- Bok choy
With greens, focus on the leaves rather than the stalks. A little bit of stalk is okay, but in general, the stalks are better off going in your compost heap than into your bunny where they can cause excessive wind.
Root Vegetables for Rabbits
You can also feed small quantities of some root vegetables such as carrots and parsnips, as treats. They are very sweet and more of a treat than a necessity, so not too much of these unless your rabbit needs to put on weight.
Herbs For Rabbits
Rabbits can also eat some common herbs and leaves such as
- Raspberry leaves
- Dandelion leaves
And if you have trees or shrubs in your yard, some of those are suitable for rabbits too, for example
Remember, many common plants are not safe, so do your research. And while you are finding out about all the different foods that rabbits need, and getting to know your new rabbit, remember the mainstay of your rabbits diet will be hay. Let’s take a closer look at just how important hay is to your rabbit.
The Importance of Hay for Rabbits
Did you know that rabbits can actually survive and thrive on good quality hay alone? Good hay contains everything a rabbit needs in terms of nutrients but also has two other important roles. Hay helps to keep your rabbits teeth and intestinal tract in good working order. Let’s take the teeth part first
Hay for Rabbits Teeth
Unlike human teeth, rabbit teeth grow continuously. This is to enable them to constantly eat vegetation which would otherwise wear their teeth down into little stumps!
The downside is, that if a rabbit does not have access to the grinding action of eating fibrous food, there’s a risk that their teeth will grow too long. This will cause them problems that require expensive veterinary treatment.
Access to a plentiful supply of hay, as a major part of their diet, ensures that your rabbit’s teeth are kept nice and trim!
Hay For Rabbit’s Gut Health
Just as the rabbit’s teeth are adapted to eating fibrous material, so is their gut. The rabbit’s digestive tract is designed to digest large quantities of cellulose – that’s the tough fibre found in grass, hay and some other plant material.
The rabbit’s gut flora – the microscopic organisms that live there – are closely linked to their general well being. And disruptions to the gut flora can make a rabbit very sick. That means you need to keep the hay coming!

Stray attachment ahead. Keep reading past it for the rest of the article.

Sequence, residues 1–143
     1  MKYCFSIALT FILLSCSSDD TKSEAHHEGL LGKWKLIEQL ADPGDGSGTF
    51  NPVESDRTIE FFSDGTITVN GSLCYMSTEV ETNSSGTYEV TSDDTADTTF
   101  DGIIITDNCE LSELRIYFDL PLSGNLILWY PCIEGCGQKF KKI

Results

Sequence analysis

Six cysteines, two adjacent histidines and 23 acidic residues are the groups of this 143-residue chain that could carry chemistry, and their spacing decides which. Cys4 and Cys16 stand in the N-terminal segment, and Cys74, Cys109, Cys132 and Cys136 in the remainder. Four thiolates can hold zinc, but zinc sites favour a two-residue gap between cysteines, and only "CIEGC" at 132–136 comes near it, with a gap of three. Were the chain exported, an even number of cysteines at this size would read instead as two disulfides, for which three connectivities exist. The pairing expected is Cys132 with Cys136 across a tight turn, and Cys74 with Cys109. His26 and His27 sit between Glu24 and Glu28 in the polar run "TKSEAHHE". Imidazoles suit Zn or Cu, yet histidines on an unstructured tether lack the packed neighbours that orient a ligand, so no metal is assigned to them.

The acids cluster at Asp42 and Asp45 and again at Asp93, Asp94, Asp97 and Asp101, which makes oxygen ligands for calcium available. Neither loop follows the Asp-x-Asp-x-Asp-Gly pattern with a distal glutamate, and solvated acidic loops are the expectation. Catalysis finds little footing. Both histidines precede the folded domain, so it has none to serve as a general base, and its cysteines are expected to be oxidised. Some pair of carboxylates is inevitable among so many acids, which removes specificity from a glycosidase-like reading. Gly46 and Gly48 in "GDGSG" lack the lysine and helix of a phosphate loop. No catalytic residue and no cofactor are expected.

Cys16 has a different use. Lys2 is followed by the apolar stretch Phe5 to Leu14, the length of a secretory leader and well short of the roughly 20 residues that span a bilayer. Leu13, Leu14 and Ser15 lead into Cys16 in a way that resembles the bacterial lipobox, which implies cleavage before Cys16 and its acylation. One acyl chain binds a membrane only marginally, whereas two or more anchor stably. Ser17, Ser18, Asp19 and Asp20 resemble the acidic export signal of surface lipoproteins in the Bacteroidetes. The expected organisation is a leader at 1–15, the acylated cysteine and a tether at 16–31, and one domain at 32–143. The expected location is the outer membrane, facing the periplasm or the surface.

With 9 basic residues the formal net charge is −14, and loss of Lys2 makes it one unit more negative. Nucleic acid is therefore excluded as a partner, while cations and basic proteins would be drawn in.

Constant Hay Supply
Rabbits need to eat pretty much continuously. If you are used to keeping carnivorous pets like cats and dogs, you are probably familiar with feeding at intervals with long gaps in between. Or with starving a pet for a few hours if they have an upset stomach, just to allow their gut to recover. It’s important to treat your rabbit very differently.
With rabbits, removing food for a few hours can be dangerous. Their whole system is designed to have fibrous material constantly moving through it. And hay is a vital part of that process.
How Much Hay Do Rabbits Eat?
It’s clear that rabbits need to eat hay, and plenty of it. Many experts recommend that hay makes up at least three quarters of the rabbits total food intake each day. A good rule of thumb is that the bundle of hay you provide, should be a similar size to the rabbit.
But what if no-one seems to have mentioned this important fact to your rabbit! What if your rabbit won’t eat hay at all?
My Rabbit Won’t Eat Hay
A rabbit may refuse to eat hay for a number of reasons, including habit, and over provision of alternatives.
We all know that a plate full of healthy steamed vegetables, or a nice colourful mixed salad, is better for us than bread or candy. But when faced with a nice fresh bagel, or a tray full of cup cakes, then it’s easy to be tempted to make the less healthy choice. Rabbits are just as susceptible to temptation as we are. And a bowl full of tasty rabbit mix or pellets is simply easier and more appealing than hay to many bunnies.
If your bunny won’t eat hay, then it’s quite likely you are feeding too much food in the form of easy to eat pellets. Try cutting back on pellets a little, to encourage your rabbits to snack on their hay. This may not work unless you make an effort to make the hay more appealing. The main way to do that is to offer nice fresh hay each day.